It's possible that you may have D-MER if you experience these symptoms specifically during letdown. However, it's normal to have some or all of these feelings in the postpartum period. If you are experiencing any of these feelings intensely and they are impacting your day-to-day life, contact your doctor as soon as possible.

What Causes D-MER?

Research is limited, but there have been some studies exploring the cause of D-MER. According to Alia Heise, a sudden drop in dopamine is the main cause.1 Dopamine is a neurotransmitter and hormone that gives you a feeling of pleasure and satisfaction. The two main hormones associated with breastfeeding are oxytocin and prolactin. Oxytocin, prolactin, and dopamine levels are all rising and falling when a person is lactating, and prolactin and dopamine levels affect each other:

"The secretion of prolactin, which also happens during lactation, is dependent on the inhibition of dopamine."4

So, when a mother's prolactin increases to make milk, her dopamine levels drop. And in the case of D-MER, drop suddenly, causing the negative feelings.

It isn't known why some women have D-MER and others don't. Alia Heise states, "It could be an environmental effect, a nutritional deficiency, a breakdown in normal hormonal activity as she ages. It could be she is more sensitive to a normal drop in dopamine, dopamine receptor mutation, a predisposition to abnormal dopamine activity or some other unknown cause."1

How Do You Treat D-MER?

Since D-MER is not well understood yet, there are no official treatments. There are techniques that mothers can try to help ease the effects of D-MER such as:3

  • Relaxation techniques like deep breathing and meditation
  • Distracting yourself during letdown – watching TV, eating, listening to music, etc.
  • Increasing skin-to-skin contact with baby
  • Seeking support from friends and family – talking about it can be a relief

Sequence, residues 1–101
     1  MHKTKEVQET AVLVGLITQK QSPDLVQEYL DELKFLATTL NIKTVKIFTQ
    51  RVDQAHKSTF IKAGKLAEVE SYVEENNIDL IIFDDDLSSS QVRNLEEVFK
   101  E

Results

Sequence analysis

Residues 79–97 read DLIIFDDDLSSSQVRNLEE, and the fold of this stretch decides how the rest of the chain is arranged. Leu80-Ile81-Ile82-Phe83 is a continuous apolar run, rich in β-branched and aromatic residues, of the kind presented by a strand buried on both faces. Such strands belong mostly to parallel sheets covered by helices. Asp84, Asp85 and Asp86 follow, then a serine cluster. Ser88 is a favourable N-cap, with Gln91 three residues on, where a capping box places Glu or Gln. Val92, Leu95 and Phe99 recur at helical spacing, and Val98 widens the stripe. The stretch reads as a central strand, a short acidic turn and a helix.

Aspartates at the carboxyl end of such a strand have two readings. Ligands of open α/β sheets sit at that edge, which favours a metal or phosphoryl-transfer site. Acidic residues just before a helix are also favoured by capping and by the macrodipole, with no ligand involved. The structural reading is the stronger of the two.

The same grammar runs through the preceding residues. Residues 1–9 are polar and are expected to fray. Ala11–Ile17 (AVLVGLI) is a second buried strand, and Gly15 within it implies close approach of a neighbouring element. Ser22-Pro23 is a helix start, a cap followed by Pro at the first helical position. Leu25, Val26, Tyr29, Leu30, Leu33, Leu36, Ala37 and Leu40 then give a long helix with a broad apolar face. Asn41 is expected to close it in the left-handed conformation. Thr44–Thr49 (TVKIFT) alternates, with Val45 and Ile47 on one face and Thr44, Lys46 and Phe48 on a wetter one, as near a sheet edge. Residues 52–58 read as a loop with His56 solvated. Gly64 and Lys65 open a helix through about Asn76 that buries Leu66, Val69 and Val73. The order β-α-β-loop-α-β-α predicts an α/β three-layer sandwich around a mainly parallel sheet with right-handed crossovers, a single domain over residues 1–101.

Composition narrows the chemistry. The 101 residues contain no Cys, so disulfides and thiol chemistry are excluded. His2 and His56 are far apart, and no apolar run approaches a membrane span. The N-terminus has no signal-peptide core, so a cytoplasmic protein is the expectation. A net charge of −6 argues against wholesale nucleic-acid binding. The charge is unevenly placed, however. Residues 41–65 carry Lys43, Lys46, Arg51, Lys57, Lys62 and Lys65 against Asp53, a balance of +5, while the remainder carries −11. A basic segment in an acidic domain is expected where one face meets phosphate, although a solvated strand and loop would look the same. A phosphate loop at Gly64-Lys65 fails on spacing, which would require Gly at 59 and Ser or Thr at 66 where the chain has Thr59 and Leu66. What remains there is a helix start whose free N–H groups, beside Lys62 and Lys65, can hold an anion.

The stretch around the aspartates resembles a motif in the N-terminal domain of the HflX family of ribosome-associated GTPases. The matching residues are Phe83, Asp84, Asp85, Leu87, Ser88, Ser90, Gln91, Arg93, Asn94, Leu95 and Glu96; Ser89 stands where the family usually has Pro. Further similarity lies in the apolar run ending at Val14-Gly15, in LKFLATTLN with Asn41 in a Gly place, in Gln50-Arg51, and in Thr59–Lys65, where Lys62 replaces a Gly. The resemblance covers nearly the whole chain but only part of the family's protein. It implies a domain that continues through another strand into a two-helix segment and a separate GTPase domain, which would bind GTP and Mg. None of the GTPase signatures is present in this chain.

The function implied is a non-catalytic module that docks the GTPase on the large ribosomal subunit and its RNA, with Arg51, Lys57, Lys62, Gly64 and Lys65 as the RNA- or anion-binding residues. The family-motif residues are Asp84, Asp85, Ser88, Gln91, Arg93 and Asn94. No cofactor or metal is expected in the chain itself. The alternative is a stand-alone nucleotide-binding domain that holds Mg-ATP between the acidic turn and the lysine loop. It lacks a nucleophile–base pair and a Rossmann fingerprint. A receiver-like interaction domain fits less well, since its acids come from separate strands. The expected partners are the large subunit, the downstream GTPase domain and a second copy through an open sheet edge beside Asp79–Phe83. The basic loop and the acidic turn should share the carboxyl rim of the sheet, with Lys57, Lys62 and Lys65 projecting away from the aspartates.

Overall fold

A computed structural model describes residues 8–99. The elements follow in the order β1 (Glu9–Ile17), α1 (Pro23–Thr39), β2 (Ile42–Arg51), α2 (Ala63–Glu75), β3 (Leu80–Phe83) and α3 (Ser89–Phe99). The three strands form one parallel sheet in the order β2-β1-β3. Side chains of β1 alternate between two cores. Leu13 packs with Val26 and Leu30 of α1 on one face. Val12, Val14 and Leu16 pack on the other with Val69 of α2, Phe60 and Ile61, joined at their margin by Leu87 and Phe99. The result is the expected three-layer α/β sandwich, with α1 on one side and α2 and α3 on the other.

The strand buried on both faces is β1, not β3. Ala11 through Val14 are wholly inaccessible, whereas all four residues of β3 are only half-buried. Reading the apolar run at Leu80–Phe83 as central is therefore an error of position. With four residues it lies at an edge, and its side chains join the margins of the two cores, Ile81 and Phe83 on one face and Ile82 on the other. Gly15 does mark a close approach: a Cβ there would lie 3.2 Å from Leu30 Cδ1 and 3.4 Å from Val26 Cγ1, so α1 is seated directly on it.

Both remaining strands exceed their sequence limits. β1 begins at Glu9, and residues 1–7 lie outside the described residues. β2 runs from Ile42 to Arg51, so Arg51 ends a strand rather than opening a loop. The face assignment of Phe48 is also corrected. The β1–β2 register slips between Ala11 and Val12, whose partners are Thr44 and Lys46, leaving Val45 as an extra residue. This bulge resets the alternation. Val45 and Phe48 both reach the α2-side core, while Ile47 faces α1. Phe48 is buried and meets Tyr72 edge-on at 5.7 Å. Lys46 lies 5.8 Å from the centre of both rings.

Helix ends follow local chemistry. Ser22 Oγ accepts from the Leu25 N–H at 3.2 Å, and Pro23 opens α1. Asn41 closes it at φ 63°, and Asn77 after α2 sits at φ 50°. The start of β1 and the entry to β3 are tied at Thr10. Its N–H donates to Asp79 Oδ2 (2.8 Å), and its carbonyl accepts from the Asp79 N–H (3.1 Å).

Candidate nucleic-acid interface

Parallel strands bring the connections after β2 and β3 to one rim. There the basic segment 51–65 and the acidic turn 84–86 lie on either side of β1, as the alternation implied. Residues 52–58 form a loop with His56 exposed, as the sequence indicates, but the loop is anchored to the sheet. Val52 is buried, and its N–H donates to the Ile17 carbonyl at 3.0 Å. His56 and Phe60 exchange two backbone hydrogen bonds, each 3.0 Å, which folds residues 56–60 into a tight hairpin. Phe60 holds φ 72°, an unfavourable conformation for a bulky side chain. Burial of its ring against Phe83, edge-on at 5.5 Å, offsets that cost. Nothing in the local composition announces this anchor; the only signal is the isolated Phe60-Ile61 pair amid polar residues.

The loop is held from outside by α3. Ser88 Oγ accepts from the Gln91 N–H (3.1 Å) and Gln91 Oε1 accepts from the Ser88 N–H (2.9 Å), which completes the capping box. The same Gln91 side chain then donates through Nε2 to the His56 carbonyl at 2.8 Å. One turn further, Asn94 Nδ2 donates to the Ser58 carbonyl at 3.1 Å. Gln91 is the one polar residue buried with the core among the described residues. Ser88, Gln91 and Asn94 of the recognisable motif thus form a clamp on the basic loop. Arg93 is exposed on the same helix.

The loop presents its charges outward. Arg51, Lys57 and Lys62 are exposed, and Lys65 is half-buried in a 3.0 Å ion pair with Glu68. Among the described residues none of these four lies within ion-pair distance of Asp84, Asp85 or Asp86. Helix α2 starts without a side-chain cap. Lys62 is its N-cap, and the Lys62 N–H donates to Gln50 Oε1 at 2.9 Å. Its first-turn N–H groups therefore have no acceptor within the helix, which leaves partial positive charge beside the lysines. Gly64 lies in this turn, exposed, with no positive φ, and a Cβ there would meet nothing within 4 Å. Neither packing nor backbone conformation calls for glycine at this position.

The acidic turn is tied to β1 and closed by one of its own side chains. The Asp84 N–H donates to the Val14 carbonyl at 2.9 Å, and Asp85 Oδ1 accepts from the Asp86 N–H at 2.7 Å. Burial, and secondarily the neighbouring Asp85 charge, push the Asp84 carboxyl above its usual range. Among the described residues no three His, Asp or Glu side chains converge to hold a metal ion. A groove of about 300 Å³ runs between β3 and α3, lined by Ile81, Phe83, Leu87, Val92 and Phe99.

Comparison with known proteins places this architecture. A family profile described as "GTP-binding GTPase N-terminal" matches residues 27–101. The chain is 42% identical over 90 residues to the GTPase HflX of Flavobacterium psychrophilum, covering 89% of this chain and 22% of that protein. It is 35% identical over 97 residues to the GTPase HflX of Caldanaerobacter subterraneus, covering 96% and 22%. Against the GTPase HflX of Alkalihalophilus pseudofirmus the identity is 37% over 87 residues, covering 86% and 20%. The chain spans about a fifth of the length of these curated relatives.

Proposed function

Reaching out to your doctor is important, especially when your feelings become difficult to cope with. They may prescribe anti-anxiety or anti-depression medications, but luckily, D-MER is temporary. The feelings usually only last a few moments, and most women stop experiencing D-MER within a few months of breastfeeding. If breastfeeding or pumping is too uncomfortable, formula is always a good option for feeding baby.

The information contained is for informational purposes only and is NOT intended to be a substitute for professional medical advice, diagnosis, or treatment. You should not rely solely on this information. Always seek the advice of your healthcare provider.


  1. Heise, Alia Macrina. 2024. Accessed 14 May 2024.
  2. Alia M Heise and Diane Wiessinger. Dysphoric Milk Ejection Reflex: A Case Report. International Breastfeeding Journal. 6 June 2011. Accessed 14 May 2024.
  3. Dysphoric Milk Ejection Reflex (D-MER). Cleveland Clinic. Medically review 6 April 2023. Accessed 13 May 2024.
  4. Reem Deif, Emily Michelle Burch, Jihan Azar, Nouran Yonis, Macy Abou Gabal, Nabila El Kramani, and Duaa Dakhl Allah. Dysphoric Milk Ejection Reflex: The Psychoneurobiology of the Breastfeeding Experience. Frontiers in Global Women's Health. 29 October 2021. Accessed 15 May 2024.